Thursday, October 09, 2008

Should there be a fuss about Saurav Ganguly leaving the game a little peeved?

Saurav Ganguly is not really such a likeable character, after all. He does not know how to manage himself when the chips are down. He sulks and sulks, and pours his heart out to the Bengali media. For a fighter like him, and he is one, this is a surprising characteristic.
But there is truth in what he is sulking about. The chap has been literally hounded in the last three years, especially after that arch-villain and uncouth cricketer, Greg Chappell took over as coach of the Indian team in 2005. It is of course an irony that it was Ganguly who had got him. Then came that silly chief selector called Kiran More, who took potshots at Ganguly. More was no great player, and he had no sense of humility either. Compared to More, Ganguly was a giant. But the bureaucratic set up of the Board of Control for Cricket in India (BCCI) is such that pygmies like More strut about like giants once they become selectors.
Dileep Vengsarkar, who succeeded as the chief selector, did not do any better with regard to Ganguly. He too behaved like a small-minded person.
The unfortunate fallout of the hound-Ganguly-game is the undignified behaviour of Rahul Dravid and Sachin Tendulkar, who are such wonderful players and human beings. Dravid fell into the Chappell trap and tried to belittle Ganguly instead of standing up for him. Tendulkar, for all his stature of the great batsman, maintained a timid and selfish silence as Ganguly was hauled over the coals. Had Ganguly been in the place of either Dravid or Tendulkar, he would have fought for them openly. That is the difference between a good captain that Ganguly was, and bad captains that Dravid and Tendulkar were. There is reason to suspect that even Anil Kumble, the fine gentleman that he is, tried to play safe and distanced himself with regard to the selection of Ganguly in the team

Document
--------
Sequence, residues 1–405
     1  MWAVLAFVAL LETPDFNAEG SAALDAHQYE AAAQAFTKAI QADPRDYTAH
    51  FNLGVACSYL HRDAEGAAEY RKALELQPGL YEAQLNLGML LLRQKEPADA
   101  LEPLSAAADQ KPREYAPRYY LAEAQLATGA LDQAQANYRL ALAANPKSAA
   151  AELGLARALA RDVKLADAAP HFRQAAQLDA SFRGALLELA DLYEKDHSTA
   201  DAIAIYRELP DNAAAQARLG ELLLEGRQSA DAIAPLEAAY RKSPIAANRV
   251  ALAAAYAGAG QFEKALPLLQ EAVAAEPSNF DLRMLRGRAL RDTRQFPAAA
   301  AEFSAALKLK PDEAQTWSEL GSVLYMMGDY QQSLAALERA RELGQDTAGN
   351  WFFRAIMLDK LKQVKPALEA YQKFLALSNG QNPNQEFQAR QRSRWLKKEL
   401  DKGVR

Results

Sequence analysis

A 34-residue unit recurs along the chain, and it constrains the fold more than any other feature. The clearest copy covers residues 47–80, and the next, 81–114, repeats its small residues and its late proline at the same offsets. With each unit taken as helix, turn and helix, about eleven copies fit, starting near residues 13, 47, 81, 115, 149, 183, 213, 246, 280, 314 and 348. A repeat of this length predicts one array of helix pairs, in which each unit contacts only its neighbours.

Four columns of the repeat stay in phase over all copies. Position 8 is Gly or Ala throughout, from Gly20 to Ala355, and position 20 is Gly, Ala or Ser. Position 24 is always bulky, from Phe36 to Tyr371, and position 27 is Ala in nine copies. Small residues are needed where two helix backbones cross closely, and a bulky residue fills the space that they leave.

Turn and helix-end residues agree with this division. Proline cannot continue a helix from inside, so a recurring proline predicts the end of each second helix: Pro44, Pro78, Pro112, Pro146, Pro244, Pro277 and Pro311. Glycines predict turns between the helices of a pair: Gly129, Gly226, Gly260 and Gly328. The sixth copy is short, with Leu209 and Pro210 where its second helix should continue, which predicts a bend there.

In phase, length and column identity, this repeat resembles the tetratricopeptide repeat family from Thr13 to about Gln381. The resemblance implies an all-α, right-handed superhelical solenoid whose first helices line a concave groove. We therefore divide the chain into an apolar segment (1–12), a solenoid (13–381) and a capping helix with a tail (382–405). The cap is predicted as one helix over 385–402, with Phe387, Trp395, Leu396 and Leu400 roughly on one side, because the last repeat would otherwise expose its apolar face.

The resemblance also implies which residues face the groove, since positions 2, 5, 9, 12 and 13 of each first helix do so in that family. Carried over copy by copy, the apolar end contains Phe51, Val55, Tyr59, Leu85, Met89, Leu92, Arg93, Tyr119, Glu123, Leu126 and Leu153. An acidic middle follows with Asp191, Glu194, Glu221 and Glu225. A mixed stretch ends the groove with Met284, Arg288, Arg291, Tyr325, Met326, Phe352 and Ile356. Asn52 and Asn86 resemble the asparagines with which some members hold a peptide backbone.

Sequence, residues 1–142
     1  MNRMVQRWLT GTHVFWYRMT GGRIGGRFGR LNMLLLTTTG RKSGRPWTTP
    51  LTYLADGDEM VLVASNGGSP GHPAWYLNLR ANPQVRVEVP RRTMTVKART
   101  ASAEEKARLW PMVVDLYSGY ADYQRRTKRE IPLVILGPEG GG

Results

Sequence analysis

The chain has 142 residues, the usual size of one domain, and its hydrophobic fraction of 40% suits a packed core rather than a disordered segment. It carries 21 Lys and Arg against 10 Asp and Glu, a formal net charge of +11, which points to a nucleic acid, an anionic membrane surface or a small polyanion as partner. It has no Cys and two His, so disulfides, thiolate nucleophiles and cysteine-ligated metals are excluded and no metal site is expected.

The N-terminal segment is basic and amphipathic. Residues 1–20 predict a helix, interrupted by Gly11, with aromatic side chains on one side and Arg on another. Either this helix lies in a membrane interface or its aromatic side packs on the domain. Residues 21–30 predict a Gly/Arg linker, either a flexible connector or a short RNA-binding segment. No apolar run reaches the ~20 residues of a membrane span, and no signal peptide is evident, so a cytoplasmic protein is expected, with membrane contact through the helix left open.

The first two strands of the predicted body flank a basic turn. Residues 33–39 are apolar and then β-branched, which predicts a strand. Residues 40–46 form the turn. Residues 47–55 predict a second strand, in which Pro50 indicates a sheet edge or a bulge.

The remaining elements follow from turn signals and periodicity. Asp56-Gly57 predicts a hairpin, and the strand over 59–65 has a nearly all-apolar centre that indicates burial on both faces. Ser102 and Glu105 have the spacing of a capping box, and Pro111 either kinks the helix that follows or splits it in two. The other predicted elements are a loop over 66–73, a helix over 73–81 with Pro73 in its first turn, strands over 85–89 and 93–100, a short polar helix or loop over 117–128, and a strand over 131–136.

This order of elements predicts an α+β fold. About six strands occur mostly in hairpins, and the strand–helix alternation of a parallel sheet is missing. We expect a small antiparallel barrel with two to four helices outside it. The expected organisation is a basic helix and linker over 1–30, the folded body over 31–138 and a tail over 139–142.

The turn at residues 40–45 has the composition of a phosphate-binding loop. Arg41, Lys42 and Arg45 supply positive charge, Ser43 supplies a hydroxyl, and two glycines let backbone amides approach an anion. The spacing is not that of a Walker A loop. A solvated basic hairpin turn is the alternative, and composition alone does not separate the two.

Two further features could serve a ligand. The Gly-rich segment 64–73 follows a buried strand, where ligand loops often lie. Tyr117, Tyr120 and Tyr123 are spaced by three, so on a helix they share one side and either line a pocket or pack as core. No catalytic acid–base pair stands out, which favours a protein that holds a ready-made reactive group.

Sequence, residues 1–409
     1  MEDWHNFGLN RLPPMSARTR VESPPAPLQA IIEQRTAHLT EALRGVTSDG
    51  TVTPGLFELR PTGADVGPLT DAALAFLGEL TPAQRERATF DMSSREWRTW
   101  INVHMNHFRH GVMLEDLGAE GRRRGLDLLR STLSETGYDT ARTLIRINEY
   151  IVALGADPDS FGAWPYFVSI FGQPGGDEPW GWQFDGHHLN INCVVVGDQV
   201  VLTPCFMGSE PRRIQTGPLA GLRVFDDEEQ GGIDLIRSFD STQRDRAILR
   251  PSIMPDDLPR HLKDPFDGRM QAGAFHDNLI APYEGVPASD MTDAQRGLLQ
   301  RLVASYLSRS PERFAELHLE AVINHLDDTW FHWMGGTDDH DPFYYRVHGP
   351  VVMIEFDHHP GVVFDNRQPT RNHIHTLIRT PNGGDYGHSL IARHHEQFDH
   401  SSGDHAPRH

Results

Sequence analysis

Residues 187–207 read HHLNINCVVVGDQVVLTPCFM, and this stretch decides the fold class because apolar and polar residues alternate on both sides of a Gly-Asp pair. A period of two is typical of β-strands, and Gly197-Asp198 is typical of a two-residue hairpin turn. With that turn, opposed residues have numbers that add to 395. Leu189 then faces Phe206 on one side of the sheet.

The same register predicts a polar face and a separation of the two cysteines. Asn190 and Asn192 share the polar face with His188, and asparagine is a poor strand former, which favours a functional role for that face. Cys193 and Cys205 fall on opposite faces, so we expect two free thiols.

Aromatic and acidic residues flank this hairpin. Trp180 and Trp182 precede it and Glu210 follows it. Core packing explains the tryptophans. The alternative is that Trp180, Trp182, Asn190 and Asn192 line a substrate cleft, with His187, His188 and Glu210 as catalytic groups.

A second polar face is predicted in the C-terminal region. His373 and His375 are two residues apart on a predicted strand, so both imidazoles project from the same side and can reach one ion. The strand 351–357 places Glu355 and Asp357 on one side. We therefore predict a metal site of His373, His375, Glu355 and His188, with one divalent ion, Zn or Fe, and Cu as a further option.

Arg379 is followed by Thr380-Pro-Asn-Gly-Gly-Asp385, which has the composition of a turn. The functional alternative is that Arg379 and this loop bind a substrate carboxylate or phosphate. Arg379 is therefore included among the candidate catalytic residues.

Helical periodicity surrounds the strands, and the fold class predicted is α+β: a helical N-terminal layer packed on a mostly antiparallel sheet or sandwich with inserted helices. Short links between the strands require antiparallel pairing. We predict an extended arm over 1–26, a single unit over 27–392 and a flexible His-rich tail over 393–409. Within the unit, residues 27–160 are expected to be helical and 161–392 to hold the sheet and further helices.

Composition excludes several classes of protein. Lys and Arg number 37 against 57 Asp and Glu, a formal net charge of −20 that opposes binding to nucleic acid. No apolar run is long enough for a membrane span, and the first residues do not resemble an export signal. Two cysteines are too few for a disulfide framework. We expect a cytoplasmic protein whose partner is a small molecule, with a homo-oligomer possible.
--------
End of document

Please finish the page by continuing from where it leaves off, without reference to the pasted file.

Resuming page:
It is a fair question to ask whether there is something really wrong with Ganguly as a person that his colleagues are so averse to support him. Perhaps, there is. Ganguly is an imperfect personality, too angular, too many social inhibitions. Perhaps he made up for the lack of graces by being the focused and aggressive captain and player that he was.
The pluck of Ganguly needs to be praised and celebrated. He was in the company of better platyers than himself -- Tendulkar, Dravid, Kumble, and V.V.S.Laxman -- but managed to hold himself up and shone in his own light in their company.
He is not a master batsman like Tendulkar, nor an inspired genius like Kumble or Laxman, nor a studied perfectionist like Dravid.
Ganguly belongs to the brand of stylish, temperamental players in the mould of Salim Durrani, M.L.Jaisimha (the forgotten cricketing great from Hyderabad who died in the most pathetic conditions). He could rise to the occasion and play like a god on his day. But he could be irritatingly erratic as well. He was never consistent as a batsman. That is why, it became easy for selectors to single him out for punishment.
He was also a proud guy, which is the admirable thing about him. Whether he played well or not, he remained consistently arrogant. That must have really got the goat of the mediocre selectors and coaches, who had no personality of their own to speak of.
It might seem a far-fecthed comparison. But there is something in common between Subhas Chandra Bose and Ganguly. They were brilliant and erratic, and they literally scared friends and foes alike because of their temperamental flare-ups.

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